Democrats are correct to resist. As a matter of principle, one doesn't give in to hostage taking because doing so begets more hostage taking. Holding innocents hostage in order to get your way can't be allowed to work. And this is so regardless of whether or not you think Obama's immigration order was correct or constitutional. (The executive order dispute is a question of law, and it is currently before the courts. That was supposed to give Republicans an "out", but they chose to not take it.)

If your partisan allegiances lead you to suggest that, no, this time it's the Democrats who are playing the shutdown game, think about it this way: The current impasse came about as a matter of considered Republican strategy when the Congress was deciding last fall whether or not to fund the entire government for the remainder of the fiscal year. Some Republicans wanted that to be the moment when the fight was joined over the president's executive action, with funding the government being their point of leverage. The deal worked out back then was to fund all of government except Homeland Security (because it contains immigration enforcement) for the rest of the year, and to revisit Homeland Security funding in the new congressional session when Republicans would control the entire Congress and presumably have an even greater ability to impose their will. So from the beginning, as a matter of intentional political strategy, Republicans envisaged a fight over keeping the department funded (or, conversely, shutting it down) as their way to force Obama to relent. At no time have Democrats plotted holding any part of government hostage to further their political ends. All Democrats have done is refuse to play the game. Democrats aren't demanding anything other than a clean funding bill.

The entire mess is rich with absurd irony. Should a shutdown actually manage to keep the department from doing its work (it mostly wouldn't, but who knows at the margins?), that would also mean enforcement agencies inside the department such as the Border Patrol would be sidelined. Smart, huh? Republicans would therefore be "punishing" the president's immigration order by keeping him from performing immigration enforcement—something they actually think he should do more of. As it happens, U.S. Customs and Border Protection is funded largely from fees, and is therefore mostly immune from funding standoffs.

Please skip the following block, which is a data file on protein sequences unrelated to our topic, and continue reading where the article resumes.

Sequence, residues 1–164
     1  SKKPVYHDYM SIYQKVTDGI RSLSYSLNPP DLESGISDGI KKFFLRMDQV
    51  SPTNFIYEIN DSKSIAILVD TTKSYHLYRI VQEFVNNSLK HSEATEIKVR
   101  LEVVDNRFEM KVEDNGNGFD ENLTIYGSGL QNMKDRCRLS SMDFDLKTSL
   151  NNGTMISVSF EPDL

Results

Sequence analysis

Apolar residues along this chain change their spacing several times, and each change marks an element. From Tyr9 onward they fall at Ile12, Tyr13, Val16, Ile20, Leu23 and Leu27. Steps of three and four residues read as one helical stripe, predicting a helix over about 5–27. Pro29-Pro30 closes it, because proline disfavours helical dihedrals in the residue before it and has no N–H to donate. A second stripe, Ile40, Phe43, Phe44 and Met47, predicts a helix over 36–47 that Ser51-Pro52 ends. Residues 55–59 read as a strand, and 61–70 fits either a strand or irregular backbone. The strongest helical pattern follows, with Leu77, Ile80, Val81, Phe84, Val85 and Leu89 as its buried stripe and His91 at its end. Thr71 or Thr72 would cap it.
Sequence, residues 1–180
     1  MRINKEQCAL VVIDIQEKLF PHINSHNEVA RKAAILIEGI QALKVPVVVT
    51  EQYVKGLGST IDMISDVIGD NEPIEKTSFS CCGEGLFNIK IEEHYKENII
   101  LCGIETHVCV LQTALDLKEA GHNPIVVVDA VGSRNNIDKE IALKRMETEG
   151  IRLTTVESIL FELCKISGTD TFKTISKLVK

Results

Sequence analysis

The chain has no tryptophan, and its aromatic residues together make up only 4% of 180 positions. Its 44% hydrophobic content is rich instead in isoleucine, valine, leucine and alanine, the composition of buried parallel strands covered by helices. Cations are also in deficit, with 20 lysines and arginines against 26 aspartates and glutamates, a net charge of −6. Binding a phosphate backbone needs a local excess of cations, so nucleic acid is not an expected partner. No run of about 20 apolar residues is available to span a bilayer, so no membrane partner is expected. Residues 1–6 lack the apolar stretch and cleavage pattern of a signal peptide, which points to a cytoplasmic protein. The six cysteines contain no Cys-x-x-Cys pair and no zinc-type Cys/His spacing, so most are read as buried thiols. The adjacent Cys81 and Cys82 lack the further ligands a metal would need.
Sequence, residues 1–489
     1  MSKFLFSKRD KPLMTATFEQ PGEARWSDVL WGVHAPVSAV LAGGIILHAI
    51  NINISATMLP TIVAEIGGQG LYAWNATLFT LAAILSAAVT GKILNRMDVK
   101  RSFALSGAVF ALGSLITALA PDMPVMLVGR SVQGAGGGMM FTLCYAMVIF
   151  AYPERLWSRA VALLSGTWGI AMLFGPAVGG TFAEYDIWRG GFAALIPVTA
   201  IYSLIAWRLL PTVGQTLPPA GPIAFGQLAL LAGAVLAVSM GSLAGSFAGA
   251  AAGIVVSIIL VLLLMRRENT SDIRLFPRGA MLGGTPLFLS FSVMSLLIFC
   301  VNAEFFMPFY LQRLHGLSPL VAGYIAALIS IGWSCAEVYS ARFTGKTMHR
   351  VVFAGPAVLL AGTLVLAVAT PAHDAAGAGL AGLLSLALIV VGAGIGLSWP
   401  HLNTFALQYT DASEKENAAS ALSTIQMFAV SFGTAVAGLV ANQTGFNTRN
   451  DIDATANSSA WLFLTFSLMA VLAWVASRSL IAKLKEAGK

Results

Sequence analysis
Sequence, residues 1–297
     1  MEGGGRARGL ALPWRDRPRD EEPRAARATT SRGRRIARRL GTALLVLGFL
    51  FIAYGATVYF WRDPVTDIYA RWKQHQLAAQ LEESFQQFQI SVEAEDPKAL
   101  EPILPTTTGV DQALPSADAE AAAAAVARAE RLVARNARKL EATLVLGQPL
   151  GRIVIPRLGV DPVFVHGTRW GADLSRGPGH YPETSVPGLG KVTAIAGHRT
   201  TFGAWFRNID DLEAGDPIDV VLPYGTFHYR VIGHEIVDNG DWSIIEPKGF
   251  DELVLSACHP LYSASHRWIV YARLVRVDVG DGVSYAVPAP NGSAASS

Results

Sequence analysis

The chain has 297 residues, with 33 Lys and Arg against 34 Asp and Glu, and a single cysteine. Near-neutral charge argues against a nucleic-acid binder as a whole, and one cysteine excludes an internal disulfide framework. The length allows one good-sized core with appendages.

Even more incongruous is the idea that the Department of Homeland Security—created by a Republican Congress and Republican administration as a response to the September 11 attacks—would find itself fighting for funding at a time when terrorist concerns are newly heightened. Even a little bit of sand in the gears is unhelpful.

It's all you can do to realize that this is the way Republicans think; trying to make sense of it is hopeless. The Republican brand will be tarnished yet again, but not as much as you'd imagine. After all, Americans should have realized before now that Republicans can't be trusted to govern, yet here we are with a new batch mucking things up. Sadly, Republicans benefit from a largely uninformed populace that only vaguely understands what's going on, a widespread breakdown of critical thinking, and a right-wing media which undergirds the entire enterprise. One can only wonder how, when, or if our country will get past this dismal phase in our experiment with self-government.

Copyright (C) 2015 James Michael Brennan, All Rights Reserved